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Tumour markers are substances that are made by cancer cells or by normal cells in response to cancer. Most people have these substances at a low level in their blood, but the amount of each marker can increase, sometimes a lot, when there is cancer in the body. Some tumour markers are specific to one type of cancer, while others may be present in many different types of cancer.
There are many different types of tumour markers, including:
- alpha-fetoprotein (AFP)
- cancer antigen 125 (CA125)
- cancer antigen 15-3 (CA15-3)
- carbohydrate antigen 19-9 (CA19-9)
- carcinoembryonic antigen (CEA)
- human chorionic gonadotropin (hCG or beta-hCG)
- prostate-specific antigen (PSA)
Tumour markers are sometimes called biomarkers.
Why tumour marker tests are done
Tumour marker tests are done to:
- look for cancer in people who have a strong family history of a particular cancer but don’t have symptoms (screening)
- diagnose cancer
- see how far the cancer has spread (staging)
- predict how aggressive the cancer is likely to be
- predict what treatment the cancer is likely to respond to
- predict how likely it is that the cancer will come back (recur) after treatment
- find out if cancer treatment is working or see if cancer has come back after treatment
How tumour marker tests are done
Tumour marker tests are usually done in a lab or hospital. You don’t usually need to do anything to prepare for these tests.
A lab technologist will take a sample of your blood. The blood sample is then analyzed using special machines.
If a tumour marker is being used to see if the treatment is working or to see if the cancer has come back, it will be measured in many samples taken over a period of time (called serial measurements).
What the results mean
A tumour marker test on its own is not enough to screen for or diagnose cancer. Tumour marker test results should be combined with:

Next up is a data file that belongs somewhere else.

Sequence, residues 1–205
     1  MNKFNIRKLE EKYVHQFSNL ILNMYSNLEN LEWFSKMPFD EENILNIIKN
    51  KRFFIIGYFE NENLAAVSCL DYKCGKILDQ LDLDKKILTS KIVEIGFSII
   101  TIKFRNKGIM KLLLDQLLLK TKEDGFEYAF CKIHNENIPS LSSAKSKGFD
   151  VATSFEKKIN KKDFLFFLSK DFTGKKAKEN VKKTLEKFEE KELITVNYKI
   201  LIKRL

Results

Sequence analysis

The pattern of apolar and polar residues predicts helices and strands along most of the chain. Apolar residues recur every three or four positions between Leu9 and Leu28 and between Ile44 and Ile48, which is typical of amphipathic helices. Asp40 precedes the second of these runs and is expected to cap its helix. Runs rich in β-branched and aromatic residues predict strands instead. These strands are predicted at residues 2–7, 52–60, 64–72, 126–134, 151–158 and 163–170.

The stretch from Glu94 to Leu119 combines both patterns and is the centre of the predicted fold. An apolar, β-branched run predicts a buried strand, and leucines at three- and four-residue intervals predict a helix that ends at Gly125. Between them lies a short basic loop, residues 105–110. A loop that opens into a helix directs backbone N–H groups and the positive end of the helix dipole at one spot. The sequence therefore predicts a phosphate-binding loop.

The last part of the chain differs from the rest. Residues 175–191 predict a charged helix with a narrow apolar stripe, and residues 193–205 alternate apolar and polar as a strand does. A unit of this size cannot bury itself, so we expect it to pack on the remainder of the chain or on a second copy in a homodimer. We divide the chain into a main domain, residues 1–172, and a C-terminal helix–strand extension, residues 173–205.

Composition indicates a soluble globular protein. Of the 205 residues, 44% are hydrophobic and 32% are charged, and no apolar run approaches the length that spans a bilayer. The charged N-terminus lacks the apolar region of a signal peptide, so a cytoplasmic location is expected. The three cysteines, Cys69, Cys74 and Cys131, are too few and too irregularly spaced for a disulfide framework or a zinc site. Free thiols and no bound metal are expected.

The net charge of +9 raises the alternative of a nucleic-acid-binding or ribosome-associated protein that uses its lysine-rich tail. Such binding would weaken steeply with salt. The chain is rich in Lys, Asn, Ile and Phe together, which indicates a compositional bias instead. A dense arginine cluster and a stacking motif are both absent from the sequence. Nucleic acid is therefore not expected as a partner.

- a thorough medical history
- a physical exam
- other lab tests
- imaging tests
If a tumour marker test is being used to monitor how treatment is working, your test results may be compared to results from before the start of treatment.
If tumour marker levels decrease or return to normal, it may mean that treatment is working, especially if levels were increased before treatment.
An increase in tumour marker levels may mean the cancer is not responding to treatment, is growing or has come back (recurred). A slight increase may not be significant. The doctor looks at trends in the increase over time.
Chemotherapy treatment can cause a temporary increase in tumour marker levels. This happens because chemotherapy causes cancer cells to die quickly and release large amounts of the tumour marker.
What happens if the results are abnormal
Your doctor may recommend more tests, procedures, follow-up care or treatment.
Limitations of tumour markers
There are limitations to tumour markers. Other tests are usually needed to diagnose cancer or find out if cancer has come back after treatment. Some limitations of tumour markers include:
- A non-cancerous disease or condition can increase tumour marker levels. Some tumour markers can be high in people who do not have cancer.
- Some tumour markers are specific to a particular type of cancer, while others may be elevated in many types of cancer.
- Tumour marker levels may not rise until the cancer worsens. This is not helpful for finding cancer early or finding out if cancer has come back after treatment.
- Some cancers do not have known tumour markers.
- Some people do not have higher tumour marker levels even if the type of cancer they have usually makes tumour markers.
Checking or testing for a disease in a group of people who don’t show any symptoms of the disease.
Examples of cancer screening tests include mammography, colonoscopy and Pap test.
Organized screening programs are offered to groups of people through a coordinated program. Opportunistic (or ad hoc) screening is offered outside of an organized screening program (for example, some women have Pap tests at their doctor’s office during a physical exam).